In early May, the Financial Times reported that UK retail investors had already withdrawn £7.1bn from investment funds in the first three months of the year. This sum, say the Investment Association, represents the highest level of net outflows from investment funds since Q4 2018.
But why is this happening?
Inflation and interest rates
Between January and March, the rate at which money was withdrawn from investment funds increased rapidly. Industry experts suggest that this was due in no small part to rises in both inflation and interest rates – as well as the rapidly deteriorating situation in Ukraine.
The conflict has served to increase inflationary pressures in the UK – and if inflation continues to rise, it is likely that interest rates will too, spelling more bad news for investment funds.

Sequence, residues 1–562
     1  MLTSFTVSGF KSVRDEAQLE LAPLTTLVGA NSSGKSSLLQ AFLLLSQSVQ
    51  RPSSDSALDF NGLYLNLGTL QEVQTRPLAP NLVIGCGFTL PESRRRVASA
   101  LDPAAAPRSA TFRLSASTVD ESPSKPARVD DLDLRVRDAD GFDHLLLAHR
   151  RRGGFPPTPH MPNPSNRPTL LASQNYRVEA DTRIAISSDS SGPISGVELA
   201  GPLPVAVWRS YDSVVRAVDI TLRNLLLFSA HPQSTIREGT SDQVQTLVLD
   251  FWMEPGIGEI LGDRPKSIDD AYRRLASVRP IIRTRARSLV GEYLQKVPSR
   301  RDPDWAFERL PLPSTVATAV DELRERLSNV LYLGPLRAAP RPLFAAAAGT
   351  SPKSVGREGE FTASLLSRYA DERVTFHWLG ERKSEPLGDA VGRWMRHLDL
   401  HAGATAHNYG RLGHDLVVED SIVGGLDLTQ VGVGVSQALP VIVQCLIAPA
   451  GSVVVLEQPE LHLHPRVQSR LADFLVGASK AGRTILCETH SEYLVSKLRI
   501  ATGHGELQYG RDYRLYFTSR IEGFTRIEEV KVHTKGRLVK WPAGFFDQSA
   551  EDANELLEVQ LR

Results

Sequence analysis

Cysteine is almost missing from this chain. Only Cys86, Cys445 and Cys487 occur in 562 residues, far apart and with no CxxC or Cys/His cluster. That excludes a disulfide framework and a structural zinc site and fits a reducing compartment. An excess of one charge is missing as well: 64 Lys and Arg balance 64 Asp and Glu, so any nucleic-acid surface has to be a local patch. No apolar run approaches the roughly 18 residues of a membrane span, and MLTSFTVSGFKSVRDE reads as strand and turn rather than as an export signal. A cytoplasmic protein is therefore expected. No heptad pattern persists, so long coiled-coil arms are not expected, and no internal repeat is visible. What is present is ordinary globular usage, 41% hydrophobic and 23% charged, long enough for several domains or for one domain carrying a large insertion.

The fall in capital held in investment funds tied in with this year’s ISA investment deadline. The Investment Association’s Chief Executive, Chris Cummings, suggested that the decreasing attractiveness of investment funds came at the right time to transfer those funds to make the most of ISA allowances before the April 5th deadline.
In difficult times, some investors will look to transfer their funds to assets that are seen as safer, rather than riskier, options. Emma Wall, Hargreaves Lansdown’s Head of Investment Analysis, states in the FT article that, “while many investors took the opportunity to take speculative bets, many chose to take their money off the table and turn to the perceived safe havens of cash and gold”.
Have you withdrawn money from investment funds in 2022? If so, join the discussion on LinkedIn and let us know why!
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